Upon landing in San Francisco in February 1849, Fallon as did most of the new arrivals, left for the gold regions where he set up a mining partnership in the Jamestown region of Tuolumne County. While on a business trip to San Francisco a few months later, during the trial of the Hounds, he was asked by a group of merchants to become San Francisco's chief of police.

The political and social confusion which characterized San Francisco in the first months of 1849 was brought to a temporary end by an election. Proclaimed by the military governor and held on August l, the election brought in a new town government headed by Alcalde (Mayor) John Geary and a 12-member ayuntamiento (council). Prompted to action by the affair of the Hounds, the ayuntamiento, composed largely of town merchants, no doubt the same ones who had previously approached Fallon, appointed him the first chief of police on August 13, 1849.

In the following weeks, Fallon in turn appointed an assistant chief, three sergeants, and 30 police officers as the first members of the department. Establishing themselves in a station house at the head of Portsmouth Square, they set about policing the town.

From the beginning of his tenure as chief, and despite the claims of some apologists for events which occurred, Fallon was faced with only a moderate amount of that sort of crime which could be expected in a Gold Rush town. On August 20, 1849, he had to arrest a Frenchman, Joseph Daniels, who had murdered his partner for his poke near the road to Mission Dolores. In October, a Chilean stabbed a black "servant" to death in a drinking tent. In November, the trussed-up body of a John Doe murder victim was found on the beach on the East side of town, and in mid-December, Rueben Withers, while attempting to oust sleeping patrons from the rear of the Bella Union saloon, became engaged in a dispute with Arthur "Bones" Reynolds (so-called because of the instrument he played in a Negro band) and stabbed him to death. The month and year ended with the discovery of the body of Thomas Browne, mutilated with 24 stab wounds, in the bushes near the road to the mission.

Still, despite the exceedingly heavy rains of the winter of 1849-50 which restricted miners to their tents and the saloons of San Francisco and other settlements, Fallon was relatively unbothered by those predations which would in a short time cause the rise of the Vigilance Committee, eclipse the activities of the Police Department, and end Fallon's brief police career.

In reporting on only three arrests having been made in the preceding three days, the Alta California remarked on January 18, 1850, "We believe there is no place in the world with the same amount of population, where crime exists less than in San Francisco at the present time." And as late as November of that year, the paper warmly complimented the police department as "equal to any in the world", saying it would be hard to find a "set of men their superiors as regards gentlemanly conduct and intelligence"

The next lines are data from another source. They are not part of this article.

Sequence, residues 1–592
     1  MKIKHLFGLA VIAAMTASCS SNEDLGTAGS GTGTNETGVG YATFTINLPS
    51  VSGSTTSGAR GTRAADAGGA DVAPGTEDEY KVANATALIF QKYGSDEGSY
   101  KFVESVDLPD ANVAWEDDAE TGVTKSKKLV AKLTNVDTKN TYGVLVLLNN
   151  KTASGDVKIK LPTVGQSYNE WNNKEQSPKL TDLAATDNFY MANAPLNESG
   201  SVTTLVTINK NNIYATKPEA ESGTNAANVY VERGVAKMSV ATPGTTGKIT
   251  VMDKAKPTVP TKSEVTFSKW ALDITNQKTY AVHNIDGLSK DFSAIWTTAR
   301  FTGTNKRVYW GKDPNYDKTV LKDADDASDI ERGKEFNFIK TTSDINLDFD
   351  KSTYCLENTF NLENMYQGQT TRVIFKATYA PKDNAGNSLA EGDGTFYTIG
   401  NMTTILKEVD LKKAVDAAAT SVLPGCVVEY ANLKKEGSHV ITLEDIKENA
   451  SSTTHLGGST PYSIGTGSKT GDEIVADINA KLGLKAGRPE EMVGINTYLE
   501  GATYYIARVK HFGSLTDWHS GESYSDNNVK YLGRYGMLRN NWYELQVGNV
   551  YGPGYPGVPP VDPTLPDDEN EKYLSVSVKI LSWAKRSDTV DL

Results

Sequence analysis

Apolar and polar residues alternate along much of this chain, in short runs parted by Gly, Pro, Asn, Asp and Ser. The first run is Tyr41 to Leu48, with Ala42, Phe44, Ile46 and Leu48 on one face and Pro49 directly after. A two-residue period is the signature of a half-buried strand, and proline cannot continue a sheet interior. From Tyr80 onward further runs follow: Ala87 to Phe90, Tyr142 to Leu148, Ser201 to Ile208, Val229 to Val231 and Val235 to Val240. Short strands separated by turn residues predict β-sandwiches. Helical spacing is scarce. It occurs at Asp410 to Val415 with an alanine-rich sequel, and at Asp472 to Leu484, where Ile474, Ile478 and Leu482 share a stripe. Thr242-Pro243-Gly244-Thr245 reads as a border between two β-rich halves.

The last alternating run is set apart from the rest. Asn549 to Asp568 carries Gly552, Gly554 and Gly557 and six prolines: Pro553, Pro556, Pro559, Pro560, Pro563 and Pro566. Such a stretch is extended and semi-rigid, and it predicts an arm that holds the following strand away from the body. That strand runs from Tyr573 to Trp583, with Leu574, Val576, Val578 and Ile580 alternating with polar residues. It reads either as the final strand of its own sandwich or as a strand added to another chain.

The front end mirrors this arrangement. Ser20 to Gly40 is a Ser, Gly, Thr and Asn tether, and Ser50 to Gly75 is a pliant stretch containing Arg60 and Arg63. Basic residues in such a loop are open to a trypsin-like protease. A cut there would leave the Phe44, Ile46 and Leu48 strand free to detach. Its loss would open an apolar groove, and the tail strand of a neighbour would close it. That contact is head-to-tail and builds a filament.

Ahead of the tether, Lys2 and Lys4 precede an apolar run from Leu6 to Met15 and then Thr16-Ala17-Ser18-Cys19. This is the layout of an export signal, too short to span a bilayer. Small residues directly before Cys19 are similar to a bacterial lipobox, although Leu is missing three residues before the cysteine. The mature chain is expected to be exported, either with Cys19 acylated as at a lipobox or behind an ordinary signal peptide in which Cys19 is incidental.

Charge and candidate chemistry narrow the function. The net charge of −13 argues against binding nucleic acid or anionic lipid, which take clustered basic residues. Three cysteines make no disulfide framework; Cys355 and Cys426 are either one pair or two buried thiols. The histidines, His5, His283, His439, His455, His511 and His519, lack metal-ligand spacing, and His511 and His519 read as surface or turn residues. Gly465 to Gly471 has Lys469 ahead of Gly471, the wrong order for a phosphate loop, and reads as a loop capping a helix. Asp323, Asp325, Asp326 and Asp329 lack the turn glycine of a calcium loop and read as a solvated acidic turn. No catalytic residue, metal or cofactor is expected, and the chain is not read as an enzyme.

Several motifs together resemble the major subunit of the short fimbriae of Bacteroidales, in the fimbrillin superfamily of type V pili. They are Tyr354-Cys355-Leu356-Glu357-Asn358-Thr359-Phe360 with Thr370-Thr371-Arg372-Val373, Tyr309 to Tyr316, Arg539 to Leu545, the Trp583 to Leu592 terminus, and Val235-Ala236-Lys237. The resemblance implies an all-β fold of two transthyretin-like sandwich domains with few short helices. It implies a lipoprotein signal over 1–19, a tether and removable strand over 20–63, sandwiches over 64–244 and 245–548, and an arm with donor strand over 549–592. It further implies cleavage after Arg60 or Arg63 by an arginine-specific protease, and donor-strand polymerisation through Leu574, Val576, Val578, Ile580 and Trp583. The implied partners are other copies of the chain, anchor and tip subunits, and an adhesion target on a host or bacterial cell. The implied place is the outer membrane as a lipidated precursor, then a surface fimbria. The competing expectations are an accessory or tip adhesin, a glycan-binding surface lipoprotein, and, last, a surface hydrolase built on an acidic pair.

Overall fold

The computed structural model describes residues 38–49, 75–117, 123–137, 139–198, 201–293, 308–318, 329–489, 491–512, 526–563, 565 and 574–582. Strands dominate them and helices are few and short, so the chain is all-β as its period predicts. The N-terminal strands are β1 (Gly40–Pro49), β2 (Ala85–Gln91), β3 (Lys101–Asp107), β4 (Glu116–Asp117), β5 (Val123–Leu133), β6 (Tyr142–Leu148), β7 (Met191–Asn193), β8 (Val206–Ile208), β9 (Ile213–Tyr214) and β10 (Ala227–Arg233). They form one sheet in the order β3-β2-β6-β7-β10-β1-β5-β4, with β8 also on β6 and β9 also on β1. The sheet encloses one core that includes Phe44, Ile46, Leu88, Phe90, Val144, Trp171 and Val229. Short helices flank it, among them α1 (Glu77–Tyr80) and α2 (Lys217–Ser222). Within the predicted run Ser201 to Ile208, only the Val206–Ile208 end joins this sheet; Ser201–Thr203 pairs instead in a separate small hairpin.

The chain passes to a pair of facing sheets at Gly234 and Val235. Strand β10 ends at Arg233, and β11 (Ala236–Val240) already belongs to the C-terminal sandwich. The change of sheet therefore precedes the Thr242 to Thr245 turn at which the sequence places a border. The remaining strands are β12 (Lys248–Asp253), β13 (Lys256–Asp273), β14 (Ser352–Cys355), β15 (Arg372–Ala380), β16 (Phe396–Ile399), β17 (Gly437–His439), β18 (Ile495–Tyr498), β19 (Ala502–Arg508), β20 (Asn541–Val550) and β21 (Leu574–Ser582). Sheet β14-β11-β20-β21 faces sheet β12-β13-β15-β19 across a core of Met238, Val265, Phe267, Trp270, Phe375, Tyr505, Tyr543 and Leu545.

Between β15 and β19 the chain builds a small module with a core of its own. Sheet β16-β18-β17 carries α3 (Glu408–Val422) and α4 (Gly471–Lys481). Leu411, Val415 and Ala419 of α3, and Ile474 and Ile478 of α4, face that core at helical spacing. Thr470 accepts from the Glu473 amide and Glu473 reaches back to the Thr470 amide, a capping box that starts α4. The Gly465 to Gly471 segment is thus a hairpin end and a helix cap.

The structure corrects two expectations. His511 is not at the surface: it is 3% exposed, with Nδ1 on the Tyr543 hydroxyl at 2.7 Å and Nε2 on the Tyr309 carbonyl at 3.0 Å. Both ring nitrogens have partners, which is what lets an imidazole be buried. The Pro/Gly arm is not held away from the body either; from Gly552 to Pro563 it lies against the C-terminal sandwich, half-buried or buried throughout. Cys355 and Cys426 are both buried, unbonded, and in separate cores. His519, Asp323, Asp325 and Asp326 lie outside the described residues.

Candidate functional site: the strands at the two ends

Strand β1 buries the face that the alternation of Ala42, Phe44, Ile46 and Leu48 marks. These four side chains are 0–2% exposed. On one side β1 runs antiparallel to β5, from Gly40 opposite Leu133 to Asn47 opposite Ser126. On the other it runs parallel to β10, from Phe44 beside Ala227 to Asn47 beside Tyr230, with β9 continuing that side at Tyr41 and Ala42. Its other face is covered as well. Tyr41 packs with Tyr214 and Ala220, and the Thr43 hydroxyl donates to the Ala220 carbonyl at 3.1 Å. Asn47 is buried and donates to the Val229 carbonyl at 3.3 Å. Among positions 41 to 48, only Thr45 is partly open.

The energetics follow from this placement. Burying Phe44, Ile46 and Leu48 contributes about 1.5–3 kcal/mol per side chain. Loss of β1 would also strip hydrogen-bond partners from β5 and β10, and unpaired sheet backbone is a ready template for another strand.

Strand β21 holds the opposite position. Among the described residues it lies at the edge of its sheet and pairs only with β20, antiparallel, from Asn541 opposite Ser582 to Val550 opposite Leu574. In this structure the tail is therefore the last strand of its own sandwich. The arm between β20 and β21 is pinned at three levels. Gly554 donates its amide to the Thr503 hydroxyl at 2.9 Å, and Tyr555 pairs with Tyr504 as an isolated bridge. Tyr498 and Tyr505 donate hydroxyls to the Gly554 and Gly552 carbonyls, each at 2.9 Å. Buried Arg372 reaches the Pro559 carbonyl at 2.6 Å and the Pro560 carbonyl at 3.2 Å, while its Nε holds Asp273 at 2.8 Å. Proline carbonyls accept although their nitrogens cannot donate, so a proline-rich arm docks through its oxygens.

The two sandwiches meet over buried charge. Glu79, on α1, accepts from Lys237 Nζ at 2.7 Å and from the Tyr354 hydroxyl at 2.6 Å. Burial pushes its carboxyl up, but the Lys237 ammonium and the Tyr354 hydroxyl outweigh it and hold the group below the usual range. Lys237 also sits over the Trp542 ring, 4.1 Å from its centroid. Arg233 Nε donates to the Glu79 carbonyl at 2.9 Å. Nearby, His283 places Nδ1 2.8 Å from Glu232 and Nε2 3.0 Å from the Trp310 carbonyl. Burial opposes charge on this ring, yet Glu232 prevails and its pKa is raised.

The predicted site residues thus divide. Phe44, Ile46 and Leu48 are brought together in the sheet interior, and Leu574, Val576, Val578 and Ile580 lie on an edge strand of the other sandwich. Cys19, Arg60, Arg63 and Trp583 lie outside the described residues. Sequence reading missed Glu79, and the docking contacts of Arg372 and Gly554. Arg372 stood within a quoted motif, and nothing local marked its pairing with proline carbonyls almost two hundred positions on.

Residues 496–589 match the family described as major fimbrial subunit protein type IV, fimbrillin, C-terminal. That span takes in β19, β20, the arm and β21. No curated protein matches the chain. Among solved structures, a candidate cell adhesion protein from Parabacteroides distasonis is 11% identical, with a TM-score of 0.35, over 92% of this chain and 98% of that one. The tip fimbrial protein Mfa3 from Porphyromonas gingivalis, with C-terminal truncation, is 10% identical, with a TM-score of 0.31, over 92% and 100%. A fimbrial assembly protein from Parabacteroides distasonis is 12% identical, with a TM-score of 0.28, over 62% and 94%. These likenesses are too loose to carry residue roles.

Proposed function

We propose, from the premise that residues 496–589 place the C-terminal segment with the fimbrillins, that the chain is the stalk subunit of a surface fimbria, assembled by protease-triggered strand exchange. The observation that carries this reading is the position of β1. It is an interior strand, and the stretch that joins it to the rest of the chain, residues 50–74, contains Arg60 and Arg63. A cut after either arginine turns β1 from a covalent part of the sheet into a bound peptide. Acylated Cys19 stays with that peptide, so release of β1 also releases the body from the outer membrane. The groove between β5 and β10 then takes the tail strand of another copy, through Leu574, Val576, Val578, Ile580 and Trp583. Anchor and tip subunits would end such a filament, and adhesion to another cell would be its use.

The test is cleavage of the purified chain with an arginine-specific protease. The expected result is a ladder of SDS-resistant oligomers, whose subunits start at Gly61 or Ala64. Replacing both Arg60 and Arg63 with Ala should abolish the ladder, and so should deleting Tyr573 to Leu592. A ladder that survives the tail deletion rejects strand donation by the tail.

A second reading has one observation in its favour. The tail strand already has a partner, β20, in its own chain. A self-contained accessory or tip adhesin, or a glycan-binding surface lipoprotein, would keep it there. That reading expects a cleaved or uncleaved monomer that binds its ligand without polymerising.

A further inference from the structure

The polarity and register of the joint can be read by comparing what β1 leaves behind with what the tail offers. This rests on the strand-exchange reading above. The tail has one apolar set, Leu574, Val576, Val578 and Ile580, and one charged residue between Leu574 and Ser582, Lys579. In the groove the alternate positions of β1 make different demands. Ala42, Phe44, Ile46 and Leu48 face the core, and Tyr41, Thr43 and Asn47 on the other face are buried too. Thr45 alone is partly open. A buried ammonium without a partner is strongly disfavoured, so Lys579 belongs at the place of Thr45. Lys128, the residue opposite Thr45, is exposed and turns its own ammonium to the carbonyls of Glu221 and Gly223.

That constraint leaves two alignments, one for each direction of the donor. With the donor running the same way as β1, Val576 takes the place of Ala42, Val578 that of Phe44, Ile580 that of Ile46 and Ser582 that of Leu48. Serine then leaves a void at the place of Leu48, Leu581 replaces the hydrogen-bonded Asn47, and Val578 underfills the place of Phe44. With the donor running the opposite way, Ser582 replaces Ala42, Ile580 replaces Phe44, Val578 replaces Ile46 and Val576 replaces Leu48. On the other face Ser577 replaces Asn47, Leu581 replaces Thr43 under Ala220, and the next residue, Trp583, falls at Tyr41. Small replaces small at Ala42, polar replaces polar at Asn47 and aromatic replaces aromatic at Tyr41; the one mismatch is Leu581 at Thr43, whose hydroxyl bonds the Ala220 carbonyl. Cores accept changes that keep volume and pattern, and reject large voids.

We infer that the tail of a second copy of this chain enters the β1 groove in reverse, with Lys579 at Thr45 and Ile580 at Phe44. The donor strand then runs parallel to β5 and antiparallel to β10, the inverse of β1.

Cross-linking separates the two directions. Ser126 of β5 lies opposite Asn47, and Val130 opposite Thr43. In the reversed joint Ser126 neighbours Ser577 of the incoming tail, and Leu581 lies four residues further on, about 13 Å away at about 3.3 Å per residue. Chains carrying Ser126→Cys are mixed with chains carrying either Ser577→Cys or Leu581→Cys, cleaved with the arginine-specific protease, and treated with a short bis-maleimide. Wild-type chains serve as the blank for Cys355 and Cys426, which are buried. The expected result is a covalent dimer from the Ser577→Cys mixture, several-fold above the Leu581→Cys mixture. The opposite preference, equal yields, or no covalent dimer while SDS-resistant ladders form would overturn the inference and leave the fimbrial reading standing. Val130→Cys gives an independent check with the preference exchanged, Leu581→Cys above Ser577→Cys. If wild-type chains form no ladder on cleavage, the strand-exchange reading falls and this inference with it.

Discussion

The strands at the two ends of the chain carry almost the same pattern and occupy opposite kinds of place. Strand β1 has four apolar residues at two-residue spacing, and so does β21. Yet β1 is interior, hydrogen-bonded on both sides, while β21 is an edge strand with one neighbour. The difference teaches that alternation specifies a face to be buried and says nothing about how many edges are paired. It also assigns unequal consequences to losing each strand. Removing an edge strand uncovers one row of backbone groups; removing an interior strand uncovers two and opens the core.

But in the summer of 1850, after the establishment of a chartered city government following an election at which Geary had been chosen mayor and Fallon chosen city marshal, Fallon's problems began to multiply. The city began to experience a very real increase in predatory crime, as the incidence of murder doubled, and housebreaking and robberies - crimes less tolerated in those times before urban populations had retired behind iron grillwork-increased alarmingly. Gradually, press and public opinion toward the authorities began to harden in the face of a crime wave thought to be the work of Australian ex-convicts who were not intimidated by the criminal justice apparatus.

Taking their cue from the more sparsely populated mining regions about the territory, where, in the absence of adequate criminal justice facilities, summary justice had been administered to those who preyed on their fellows, and urged on by prompting from the press, private citizens moved to take matters into their own hands. On several occasions, even in instances of relatively minor crimes, groups of citizens tried to take prisoners from Fallon's officers and deal with them summarily. On January 6, 1851, the Evening Picayune, while allowing that the police department was too small to be everywhere, reported on the well-known fact that "out of the vicinity of the drinking saloons, a policeman is scarce ever to be found, day or night." Then the paper blatantly endorsed the idea of volunteer patrols as long as the volunteers were "permitted to take their own way in the treatment of public offenders."

By late February 1851, the people were ready to act on their own. The occasion of the beating and robbery of a popular merchant threw the town into a virtual frenzy for three days. Because of the widespread belief that regular institutions of justice were incompetent to handle the matter, "the people" at a series of angry mass meetings formed a popular court. There followed several abortive rushes to take the two suspects, later shown to be innocent, from Fallon and his officers who had arrested them. But sentiment favoring a trial, albeit an extra-legal one, prevailed. Fortunately for the defendants, the jury could not agree on their guilt, and they were eventually released.

Dissatisfaction with crime conditions were quieted for a time but not dispelled. Next the disgruntled citizenry turned to the ballot box. In the municipal election at the end of April, Fallon and his fellow Democrats were turned out of office in the arousing Whig victory. The Whig mayoral candidate bested the Democrat by a margin of 414 out of 6,000 votes cast. Robert G. Crozier, the Whig candidate for city marshal, defeated Fallon by 1,709 votes, receiving 64 percent of the vote to Fallon's 36 percent, a landslide by any definition of the term.